Blockchain technology allows a decentralized ledger to act as a database. By having many copies of the authenticated ledger (nodes), there is no single point of failure. Each block of transactions is signed using a cryptographic hash which can be used to authenticate the validity of the blocks. If a node is found to have a different block hash, a consensus among nodes determines which is the correct block, and the bad node is shut out of the network. The only way to hack the system would be to take over at least 50% of the nodes. This establishes trust without the need for a central authority to oversee the transactions.

The Ledger

The ledger can record any number of data including monetary transactions (sender, receiver, date, amount), identifying information such as for tallying votes or the hash of a digital file (NFT), or software code such as for smart contracts. The possibilities are endless once you understand and harness the advantages of decentralization, security and accuracy.

1.0 In the first version of the blockchain transactions were simple such as a transfer of funds.

2.0 Introduced smart contracts to the blockchain. This allowed automated services such as buy/sell orders, and market makers to operate without a middleman.

3.0 Decentralized finance, liquidity pools, healthcare or supply chains will make up what is expected to be the future of blockchains.

Layer 2

Layer 2 blockchains operate as an additional level of computation built on top of the primary blockchain. This takes some of the load off of the primary blockchain. It can result in lower fees, faster speed and improved functionality. An example of a layer 2 blockchain would be the Lightening Network. The Lightening Network pools many Bitcoin transactions together and submits them to the Bitcoin blockchain as just one transaction. This reduces the fees and increases the speed of transactions.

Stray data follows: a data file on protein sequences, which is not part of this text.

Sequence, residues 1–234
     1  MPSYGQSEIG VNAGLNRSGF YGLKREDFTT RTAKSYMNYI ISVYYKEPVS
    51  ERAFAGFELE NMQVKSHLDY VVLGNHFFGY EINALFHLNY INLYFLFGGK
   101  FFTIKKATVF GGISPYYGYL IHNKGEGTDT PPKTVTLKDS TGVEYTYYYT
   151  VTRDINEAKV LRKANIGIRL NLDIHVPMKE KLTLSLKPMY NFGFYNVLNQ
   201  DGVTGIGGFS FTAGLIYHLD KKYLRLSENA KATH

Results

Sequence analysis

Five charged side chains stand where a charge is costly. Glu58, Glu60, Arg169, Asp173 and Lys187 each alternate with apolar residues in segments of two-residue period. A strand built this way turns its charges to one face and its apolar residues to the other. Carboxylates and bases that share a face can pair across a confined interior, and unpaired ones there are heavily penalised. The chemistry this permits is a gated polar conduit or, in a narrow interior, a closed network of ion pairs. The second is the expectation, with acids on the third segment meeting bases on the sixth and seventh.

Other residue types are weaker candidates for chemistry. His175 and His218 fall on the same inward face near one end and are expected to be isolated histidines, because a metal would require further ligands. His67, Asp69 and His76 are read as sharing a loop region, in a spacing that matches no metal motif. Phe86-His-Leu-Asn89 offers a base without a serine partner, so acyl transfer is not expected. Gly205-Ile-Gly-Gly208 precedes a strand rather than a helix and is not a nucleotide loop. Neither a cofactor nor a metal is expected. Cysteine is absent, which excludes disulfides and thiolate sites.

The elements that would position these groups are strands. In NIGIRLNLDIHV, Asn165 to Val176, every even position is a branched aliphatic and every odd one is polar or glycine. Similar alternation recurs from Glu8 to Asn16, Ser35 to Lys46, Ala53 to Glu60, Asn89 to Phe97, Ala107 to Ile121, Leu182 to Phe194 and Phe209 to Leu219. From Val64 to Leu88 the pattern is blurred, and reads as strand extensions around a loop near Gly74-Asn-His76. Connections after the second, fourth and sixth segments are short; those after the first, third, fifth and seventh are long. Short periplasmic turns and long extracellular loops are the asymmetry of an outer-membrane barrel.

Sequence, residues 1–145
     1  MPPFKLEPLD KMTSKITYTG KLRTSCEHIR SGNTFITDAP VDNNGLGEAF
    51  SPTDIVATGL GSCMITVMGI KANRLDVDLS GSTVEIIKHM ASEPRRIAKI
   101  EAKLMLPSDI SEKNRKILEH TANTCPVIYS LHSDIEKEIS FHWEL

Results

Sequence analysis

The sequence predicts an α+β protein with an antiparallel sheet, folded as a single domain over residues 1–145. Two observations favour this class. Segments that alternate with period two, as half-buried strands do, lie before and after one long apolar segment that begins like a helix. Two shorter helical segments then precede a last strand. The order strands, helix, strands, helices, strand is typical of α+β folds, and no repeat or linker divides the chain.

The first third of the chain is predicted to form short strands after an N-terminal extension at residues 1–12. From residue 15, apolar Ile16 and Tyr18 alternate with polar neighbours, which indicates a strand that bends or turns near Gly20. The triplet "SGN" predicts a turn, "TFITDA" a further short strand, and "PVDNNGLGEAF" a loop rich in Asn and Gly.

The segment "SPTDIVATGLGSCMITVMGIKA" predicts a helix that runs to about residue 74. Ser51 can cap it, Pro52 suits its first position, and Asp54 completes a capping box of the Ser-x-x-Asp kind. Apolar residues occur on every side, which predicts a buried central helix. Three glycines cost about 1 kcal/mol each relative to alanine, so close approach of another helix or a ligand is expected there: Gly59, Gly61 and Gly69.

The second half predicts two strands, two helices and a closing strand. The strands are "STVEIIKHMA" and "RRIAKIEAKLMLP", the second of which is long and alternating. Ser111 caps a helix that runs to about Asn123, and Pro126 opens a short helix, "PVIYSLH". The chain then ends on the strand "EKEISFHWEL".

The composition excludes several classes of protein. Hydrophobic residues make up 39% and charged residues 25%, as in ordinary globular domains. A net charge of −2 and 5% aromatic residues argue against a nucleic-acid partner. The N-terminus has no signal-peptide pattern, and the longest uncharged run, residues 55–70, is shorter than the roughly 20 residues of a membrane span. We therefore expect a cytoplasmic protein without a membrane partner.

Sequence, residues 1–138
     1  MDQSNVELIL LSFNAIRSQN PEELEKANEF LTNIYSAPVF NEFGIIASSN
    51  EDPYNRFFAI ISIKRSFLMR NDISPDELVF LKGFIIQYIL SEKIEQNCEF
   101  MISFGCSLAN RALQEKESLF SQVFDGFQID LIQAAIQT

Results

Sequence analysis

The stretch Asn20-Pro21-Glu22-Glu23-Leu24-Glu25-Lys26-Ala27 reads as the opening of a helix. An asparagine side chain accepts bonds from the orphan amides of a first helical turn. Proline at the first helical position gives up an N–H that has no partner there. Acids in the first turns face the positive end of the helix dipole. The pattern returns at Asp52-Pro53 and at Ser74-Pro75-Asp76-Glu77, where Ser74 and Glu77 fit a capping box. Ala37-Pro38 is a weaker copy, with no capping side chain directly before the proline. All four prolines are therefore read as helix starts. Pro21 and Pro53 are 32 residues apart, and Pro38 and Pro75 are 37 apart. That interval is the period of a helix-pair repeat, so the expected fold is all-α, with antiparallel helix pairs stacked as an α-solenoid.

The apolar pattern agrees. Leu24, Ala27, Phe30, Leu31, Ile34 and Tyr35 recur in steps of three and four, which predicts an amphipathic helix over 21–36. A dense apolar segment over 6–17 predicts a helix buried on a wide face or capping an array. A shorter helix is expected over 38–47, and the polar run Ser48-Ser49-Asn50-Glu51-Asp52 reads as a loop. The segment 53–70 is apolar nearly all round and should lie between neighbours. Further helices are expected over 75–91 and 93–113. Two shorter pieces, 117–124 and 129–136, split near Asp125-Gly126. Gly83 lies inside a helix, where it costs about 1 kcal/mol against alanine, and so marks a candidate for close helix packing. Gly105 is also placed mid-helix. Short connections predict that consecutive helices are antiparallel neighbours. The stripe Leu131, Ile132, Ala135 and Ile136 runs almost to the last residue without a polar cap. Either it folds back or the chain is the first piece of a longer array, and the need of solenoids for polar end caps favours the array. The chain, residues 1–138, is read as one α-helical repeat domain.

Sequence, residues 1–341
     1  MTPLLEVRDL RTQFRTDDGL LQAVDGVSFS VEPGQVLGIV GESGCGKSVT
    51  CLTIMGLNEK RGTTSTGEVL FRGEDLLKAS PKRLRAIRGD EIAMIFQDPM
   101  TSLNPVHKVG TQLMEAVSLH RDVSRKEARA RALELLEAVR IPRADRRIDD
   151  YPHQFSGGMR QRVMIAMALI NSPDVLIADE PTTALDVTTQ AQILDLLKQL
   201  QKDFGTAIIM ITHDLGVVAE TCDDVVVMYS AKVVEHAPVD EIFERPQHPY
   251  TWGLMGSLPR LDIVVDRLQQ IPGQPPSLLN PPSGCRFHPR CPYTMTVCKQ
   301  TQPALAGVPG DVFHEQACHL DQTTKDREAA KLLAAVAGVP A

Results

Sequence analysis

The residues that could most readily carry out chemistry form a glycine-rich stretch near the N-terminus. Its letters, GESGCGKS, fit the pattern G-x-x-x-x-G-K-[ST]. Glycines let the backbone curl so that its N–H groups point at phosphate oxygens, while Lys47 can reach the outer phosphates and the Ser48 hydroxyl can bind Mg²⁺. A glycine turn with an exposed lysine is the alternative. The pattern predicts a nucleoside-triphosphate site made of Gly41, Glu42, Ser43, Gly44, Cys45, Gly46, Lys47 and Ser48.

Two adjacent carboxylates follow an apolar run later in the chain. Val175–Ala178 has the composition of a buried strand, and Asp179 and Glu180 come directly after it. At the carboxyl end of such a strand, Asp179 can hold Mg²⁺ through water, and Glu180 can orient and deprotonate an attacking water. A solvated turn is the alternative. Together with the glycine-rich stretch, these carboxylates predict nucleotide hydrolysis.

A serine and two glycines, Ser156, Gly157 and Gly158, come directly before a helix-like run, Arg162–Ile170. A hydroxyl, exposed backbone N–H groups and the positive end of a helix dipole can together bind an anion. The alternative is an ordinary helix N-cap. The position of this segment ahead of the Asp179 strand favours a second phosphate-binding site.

Cross Chain

Some layer 2 blockchains operate on more than one blockchain. These are called cross chain networks. Examples of cross chain networks include Curve (CRV), AAVE, Sushiswap (SUSHI) or Multichain (MULTI). By bridging multiple blockchains together these platforms further decentralize their operations and provide more functionality such as liquidity and reduced fees. Some blockchains also provide converters to allow developers on one blockchain to easily deploy their smart contracts on another blockchain without having to re-write the code.